Posted by TrueIronPatriot | Report as abusive

First sentence you call the reader “stupid”? This article is stupid. Americans are all about “me” and “now”. Eight years of grossly failed government, stripped of basic rights which were suppose to make us different than any other democracy. Yet eight years should be corrected in just two? A country of puppets we’ve become, how easily we can be scared into thinking anything we are told.
To Reuters, continue to allow writers like this and you will quickly become FOX News. I come to this site for FACT not one persons opinion. Shame

Posted by voicebox | Report as abusive

TrueIronPatriot: Mr. P’s opening remark was not an insult, but a paraphasing of a remark made by 1992 Democrat presidential nominee william Jefferson ‘Bill’ Clinton. The precise remark was ‘It’s the economy, stupid’ and it was directed towards George H.W. Bush in the 1992 election campaign. As I recall, it was an effective remark.

Posted by Gotthardbahn | Report as abusive

After fewer than 18 months, the Republicans claimed that the economy was this administration’s economy. The electorate clearly made that assessment on election day. We can only hope that the GOP/Tea Party recognize that as of 2011, it is their economy. They will be held accountable for whatever situation we find ourselves in 2012.

The last time the Dems handed over an economy, it was in surplus and the Republicans drove it into the ground. While nothing to write home about, the current economy being handed over is stable and growing slowly – which just rimmed-out of the depression basket.

If the GOP causes a second, possibly worse depression, and or can’t significantly decease unemployment over the next eighteen months, let’s hope the electorate uses the same unit of measure/reward in 2012.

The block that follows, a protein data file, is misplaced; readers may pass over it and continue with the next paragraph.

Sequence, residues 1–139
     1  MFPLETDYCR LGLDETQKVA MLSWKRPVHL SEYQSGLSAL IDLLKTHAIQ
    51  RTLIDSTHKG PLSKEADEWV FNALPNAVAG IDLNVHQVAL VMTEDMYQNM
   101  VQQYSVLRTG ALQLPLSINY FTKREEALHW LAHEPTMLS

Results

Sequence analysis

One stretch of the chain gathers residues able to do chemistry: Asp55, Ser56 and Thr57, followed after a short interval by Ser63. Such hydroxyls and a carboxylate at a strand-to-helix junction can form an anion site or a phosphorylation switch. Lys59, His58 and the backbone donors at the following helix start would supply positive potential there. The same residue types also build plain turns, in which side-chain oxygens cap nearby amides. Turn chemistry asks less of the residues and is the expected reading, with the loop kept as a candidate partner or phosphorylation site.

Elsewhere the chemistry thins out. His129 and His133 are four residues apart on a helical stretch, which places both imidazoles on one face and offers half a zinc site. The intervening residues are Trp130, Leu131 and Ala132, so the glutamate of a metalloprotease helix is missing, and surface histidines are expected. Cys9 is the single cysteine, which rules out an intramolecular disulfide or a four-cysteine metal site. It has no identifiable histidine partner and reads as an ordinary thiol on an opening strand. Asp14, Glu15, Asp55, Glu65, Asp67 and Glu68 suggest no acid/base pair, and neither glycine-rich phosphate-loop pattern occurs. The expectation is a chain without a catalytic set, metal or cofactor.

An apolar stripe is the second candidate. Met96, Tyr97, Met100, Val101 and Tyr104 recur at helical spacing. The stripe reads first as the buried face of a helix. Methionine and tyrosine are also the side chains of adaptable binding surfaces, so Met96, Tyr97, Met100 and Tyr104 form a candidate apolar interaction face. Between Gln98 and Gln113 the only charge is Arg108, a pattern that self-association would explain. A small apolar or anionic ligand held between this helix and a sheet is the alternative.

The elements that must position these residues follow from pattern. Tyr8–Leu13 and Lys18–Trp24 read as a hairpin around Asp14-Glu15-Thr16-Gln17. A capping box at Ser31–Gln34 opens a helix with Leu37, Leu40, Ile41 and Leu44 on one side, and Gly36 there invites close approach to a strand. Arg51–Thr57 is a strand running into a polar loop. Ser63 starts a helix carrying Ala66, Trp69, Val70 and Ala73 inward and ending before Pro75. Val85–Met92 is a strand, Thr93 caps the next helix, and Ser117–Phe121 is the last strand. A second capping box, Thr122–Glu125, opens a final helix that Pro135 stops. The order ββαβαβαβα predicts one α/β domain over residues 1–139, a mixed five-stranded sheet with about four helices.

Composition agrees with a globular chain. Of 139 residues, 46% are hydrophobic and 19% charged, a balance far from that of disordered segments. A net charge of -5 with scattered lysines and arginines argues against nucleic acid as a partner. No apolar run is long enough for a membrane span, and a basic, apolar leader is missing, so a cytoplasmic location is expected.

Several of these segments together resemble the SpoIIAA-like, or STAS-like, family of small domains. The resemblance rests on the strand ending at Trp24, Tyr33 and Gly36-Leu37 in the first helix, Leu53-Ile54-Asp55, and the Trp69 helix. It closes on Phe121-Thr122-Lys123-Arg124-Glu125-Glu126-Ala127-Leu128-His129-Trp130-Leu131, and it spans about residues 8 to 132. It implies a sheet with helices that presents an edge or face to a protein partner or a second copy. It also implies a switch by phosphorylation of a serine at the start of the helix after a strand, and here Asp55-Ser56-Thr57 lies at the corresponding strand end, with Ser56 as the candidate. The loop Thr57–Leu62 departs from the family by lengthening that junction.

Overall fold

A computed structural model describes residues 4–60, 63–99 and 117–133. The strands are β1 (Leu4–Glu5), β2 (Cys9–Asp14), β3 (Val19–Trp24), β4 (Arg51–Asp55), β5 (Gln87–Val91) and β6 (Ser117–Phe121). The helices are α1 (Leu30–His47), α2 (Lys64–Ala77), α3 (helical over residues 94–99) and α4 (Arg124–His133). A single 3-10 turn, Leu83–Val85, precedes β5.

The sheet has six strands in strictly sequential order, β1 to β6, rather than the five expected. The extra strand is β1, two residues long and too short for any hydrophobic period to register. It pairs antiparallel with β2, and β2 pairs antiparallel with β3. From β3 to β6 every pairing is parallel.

Posted by wishing | Report as abusive

Clueless, absolutely clueless… The “chalice” was not poisoned by Bush, but by a Democratic Congress with full control for two years before Bush left office. And as for, “But if the American public was blindsided, so was the White House.”… i do not know where you have been living, the American public has been chomping at the bit to deliver this beat down and if there was another election next week with the ones we didn’t get the chance to vote on yesterday on the ballot, we would deliver more. The only people blindsided are those too arrogant to admit that the average working class American is a whole lot smarter than you liberals what to give us credit for and a whole lot more conservative. Stop believing your own media spin.

Posted by JeffreyRobison | Report as abusive

shawngrggs – “The American public handed him arguably one of the worst economic situations in American history, and told him “fix it, NOW!””

The American public didn’t hand him anything. The economic situation that we’re in right now was created by the Govt not the public. The fact is, this is a country of booms and bust……it always has been and it always will be. That’s how free market enterprise works. You can’t be in a perpetual boom forever. At some point it has to go the other way. The problem with the Govt is they’re always trying to “fix” the problem by passing some enormous expensive piece of legislation that really does nothing but make doing business harder which results in less jobs being created and longer bust periods. If we would just let the busts happen and stop trying to fix everything with some ridiculous law we’d all be much better off.

Posted by FiosFiend | Report as abusive